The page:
Aimee McPherson stood on the terrace and stared balefully acrossthe landscape of Heaven. For perhaps the two millionth time sinceher death, her rage at the manner in which God had betrayed herboiled to one of its cyclical peaks. How dare He, if indeed He existedat all, treat her with such unconscionable treachery? She haddone so much on His behalf. She had avoided temptations, bypassedindulgences, forgone the pleasures of the flesh. She had sacrificed tothe maximum in His name and, from her perspective, He had cynicallybetrayed her. Her entire life had hinged on a single belief inwhich she had placed absolute trust. He had promised a Heavenwhen she died. That He then so totally reneged on the deal transcendedthe criminal and took the burden of guilt to a new level ofdivine iniquity. Aimee McPherson had arrived in the Afterlife onlyto discover that, if she wanted a Heaven, she was expected to buildit herself. God Himself had failed to put in even the most cursorymanifestation, and she had begun to doubt that He actually existedat all.

    If there was a God, He appeared to believe that this psychic erectorset would be ample reward for a lifetime of love and devotion, ofprayer, praise, and supplication. He had presented her with a blankcelestial slate and left her to make it up for herself. After all thepromises, the only Heaven she had received or perceived had comedirectly out of her own imagination, without help, without encouragement,without even the benefit of aninstruction manual.

    Aimee McPherson stood on the terrace and stared balefullyacross the landscape of Heaven and knew that it was entirely herown creation. This should have pleased her, if for no other reasonthan that of pride in accomplishment. Pride in accomplishment,however, counted for little beside abandonment by God. ThisHeaven had been torn, at a great cost of emotion and energy, pieceby piece and construct by construct, from the deepest soul core ofher imagination, and the effort of its manufacture had not beeneasy. Back on Earth, from the moment that she had devoted herselfto God and His works, she'd had little call to use her imagination,and now she found it a weakened and atrophied thing. CreatingHeaven from the ground up had been a struggle and chore, imposedon her at exactly the time she was expecting only relief. Heavenshould have been ready and waiting for her when she arrived, spick-and-span,fluffed and folded, like some metaphysical five-star hotelwith Saint Peter to greet her at the reception desk, angelic bellhopsto assist her, a deputation of long-deceased pets waiting for her withsoulful eyes and wagging tails, and a metaphoric complimentarymint on the pillow.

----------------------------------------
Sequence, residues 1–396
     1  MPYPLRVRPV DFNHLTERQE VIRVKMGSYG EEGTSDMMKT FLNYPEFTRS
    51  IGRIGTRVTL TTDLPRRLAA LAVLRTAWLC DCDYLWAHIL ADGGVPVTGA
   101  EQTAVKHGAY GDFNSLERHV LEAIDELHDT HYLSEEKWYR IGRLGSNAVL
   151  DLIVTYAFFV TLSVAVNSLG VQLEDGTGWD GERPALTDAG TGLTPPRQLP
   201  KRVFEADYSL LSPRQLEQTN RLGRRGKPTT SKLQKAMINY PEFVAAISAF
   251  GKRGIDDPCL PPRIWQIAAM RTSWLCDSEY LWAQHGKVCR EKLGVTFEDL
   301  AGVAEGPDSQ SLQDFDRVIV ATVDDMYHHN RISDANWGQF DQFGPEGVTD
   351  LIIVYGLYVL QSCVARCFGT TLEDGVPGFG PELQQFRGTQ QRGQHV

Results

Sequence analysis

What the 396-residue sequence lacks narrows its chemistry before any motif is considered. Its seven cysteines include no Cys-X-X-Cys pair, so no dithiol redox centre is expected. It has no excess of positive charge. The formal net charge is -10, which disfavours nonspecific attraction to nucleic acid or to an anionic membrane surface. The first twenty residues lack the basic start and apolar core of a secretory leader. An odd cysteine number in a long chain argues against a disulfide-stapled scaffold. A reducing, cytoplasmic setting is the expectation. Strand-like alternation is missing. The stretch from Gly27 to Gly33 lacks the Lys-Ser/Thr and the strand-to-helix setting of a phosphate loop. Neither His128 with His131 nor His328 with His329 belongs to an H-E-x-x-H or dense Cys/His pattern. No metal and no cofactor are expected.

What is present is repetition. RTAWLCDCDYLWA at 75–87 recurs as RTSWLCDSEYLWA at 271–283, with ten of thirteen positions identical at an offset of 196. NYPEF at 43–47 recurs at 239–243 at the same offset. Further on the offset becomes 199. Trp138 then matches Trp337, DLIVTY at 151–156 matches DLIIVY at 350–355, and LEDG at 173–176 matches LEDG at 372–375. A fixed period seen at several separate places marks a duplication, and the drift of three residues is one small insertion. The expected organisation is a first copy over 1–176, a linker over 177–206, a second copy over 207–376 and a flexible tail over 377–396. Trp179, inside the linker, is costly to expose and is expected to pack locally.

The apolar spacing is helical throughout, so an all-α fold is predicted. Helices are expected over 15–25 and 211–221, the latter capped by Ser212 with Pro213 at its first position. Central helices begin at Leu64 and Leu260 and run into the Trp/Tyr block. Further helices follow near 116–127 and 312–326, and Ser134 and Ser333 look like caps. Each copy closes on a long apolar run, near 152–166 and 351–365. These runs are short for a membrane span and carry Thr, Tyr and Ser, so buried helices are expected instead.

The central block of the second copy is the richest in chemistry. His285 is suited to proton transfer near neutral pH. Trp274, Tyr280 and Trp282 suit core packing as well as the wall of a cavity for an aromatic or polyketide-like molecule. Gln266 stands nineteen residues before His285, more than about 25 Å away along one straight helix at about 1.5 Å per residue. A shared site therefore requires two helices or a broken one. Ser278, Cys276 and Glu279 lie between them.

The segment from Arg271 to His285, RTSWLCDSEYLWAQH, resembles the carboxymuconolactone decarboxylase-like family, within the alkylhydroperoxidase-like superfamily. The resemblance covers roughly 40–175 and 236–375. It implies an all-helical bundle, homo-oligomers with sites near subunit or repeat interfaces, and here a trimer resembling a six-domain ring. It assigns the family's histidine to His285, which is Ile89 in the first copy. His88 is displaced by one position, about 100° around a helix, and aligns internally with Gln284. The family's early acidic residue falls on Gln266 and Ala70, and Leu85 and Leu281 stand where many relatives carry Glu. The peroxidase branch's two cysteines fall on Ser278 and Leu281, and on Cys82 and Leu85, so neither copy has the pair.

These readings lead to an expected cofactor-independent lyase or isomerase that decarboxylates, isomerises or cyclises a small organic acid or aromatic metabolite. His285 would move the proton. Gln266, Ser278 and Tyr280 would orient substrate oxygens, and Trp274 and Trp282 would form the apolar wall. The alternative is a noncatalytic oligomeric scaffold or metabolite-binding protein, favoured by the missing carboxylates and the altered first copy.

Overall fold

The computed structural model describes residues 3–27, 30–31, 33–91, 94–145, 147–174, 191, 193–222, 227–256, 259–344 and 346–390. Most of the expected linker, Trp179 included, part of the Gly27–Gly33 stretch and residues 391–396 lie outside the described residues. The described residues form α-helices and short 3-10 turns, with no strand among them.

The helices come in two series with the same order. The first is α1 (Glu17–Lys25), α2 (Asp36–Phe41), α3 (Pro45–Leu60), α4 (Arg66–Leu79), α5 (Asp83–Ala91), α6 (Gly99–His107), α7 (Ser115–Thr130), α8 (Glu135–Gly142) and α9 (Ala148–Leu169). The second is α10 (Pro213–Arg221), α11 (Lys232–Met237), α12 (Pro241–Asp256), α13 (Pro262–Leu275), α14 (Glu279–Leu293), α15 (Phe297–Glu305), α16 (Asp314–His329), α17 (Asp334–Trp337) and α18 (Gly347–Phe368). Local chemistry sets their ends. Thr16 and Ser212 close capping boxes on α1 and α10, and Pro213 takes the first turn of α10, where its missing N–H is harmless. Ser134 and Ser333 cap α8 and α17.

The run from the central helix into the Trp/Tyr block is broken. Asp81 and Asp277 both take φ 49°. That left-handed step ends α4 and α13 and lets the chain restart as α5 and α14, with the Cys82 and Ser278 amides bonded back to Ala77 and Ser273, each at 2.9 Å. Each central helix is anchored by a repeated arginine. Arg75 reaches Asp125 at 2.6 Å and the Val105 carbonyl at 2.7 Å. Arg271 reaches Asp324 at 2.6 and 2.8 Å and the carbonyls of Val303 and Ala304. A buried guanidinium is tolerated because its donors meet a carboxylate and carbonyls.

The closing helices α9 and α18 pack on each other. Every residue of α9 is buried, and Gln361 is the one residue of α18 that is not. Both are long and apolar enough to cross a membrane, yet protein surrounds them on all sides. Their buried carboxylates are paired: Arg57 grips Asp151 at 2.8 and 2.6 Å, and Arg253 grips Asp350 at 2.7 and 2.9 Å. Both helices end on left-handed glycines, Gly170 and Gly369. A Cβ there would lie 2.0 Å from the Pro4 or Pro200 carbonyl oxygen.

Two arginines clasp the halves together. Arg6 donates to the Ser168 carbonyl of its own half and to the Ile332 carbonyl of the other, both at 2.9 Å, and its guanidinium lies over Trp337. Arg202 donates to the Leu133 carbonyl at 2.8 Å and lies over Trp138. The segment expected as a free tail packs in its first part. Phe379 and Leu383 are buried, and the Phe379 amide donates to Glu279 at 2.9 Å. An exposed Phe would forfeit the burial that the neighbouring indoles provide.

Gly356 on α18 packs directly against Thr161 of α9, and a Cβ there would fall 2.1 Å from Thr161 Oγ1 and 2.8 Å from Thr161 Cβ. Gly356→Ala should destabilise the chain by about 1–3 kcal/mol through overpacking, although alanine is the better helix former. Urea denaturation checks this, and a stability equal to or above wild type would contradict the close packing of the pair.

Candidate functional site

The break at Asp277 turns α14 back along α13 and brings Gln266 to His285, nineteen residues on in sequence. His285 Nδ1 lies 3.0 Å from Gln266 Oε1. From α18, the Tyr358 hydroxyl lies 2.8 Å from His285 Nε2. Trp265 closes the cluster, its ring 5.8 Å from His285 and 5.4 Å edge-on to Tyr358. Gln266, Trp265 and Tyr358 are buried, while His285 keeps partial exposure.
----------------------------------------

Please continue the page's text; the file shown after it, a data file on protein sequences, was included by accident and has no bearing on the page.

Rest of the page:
Even coming up with an overall design concept had been no easything. At first she had leaned heavily on what she remembered ofthe work of the artist Maxfield Parrish, coupled with no slight touchof Disney's Fantasia. This early borrowing, and her admittedlyflawed memory, tended to account for the overly vibrant cartooncolors, the wine-dark indigo of the water in the lake, the dazzlingultramarine of the cloudless sky, the deep somber green of thecypresses and Scotch pines on the headland on the far side of thewater. The heliotrope of the ice-cream mountains in the far distanceand the velvet unreality of the immaculate daisy-flecked grassthat ran down to the water's edge, drawn directly from the Disneyschool, was, if anything, less plausible. She had to admit that theway the outcropping of raw, gold-veined marble tended to resemblesome strange, overripe, processed cheese food was actually her ownfault. She seemed to be incapable of producing authentic-lookingminerals, much in the way that some people can't draw hands. TheMaxfield Parrish memory also accounted for the presence of thesmall neoclassic temple over on the promontory that projected intothe lake some two hundred yards from where she was standing. Parrishhad inspired the half dozen diaphanously clad virgins whodanced, hand in hand, perky and unflagging sprites, endlessly circlingin a dance with basic choreography in the interpretive traditionof Isadora Duncan. Disney, on the other hand, had providedthe fawns, bunnies, and happy little bluebirds that cavorted in theair above, whistling and cheeping the melodies of saccharine popballads of the thirties, forties, and fifties, as Aimee stood on the terraceregarding her Creation.

    As though sensing, if not her actual thoughts, certainly her generalmood, a lone bluebird darted to within eighteen inches of herface and hung hovering, smiling blandly and whistling disjointedsnatches of "Over the Rainbow." Suddenly furious, Aimee snarledand swatted at the bird. "Get away from me, you inane figment! Getthe hell away from me!"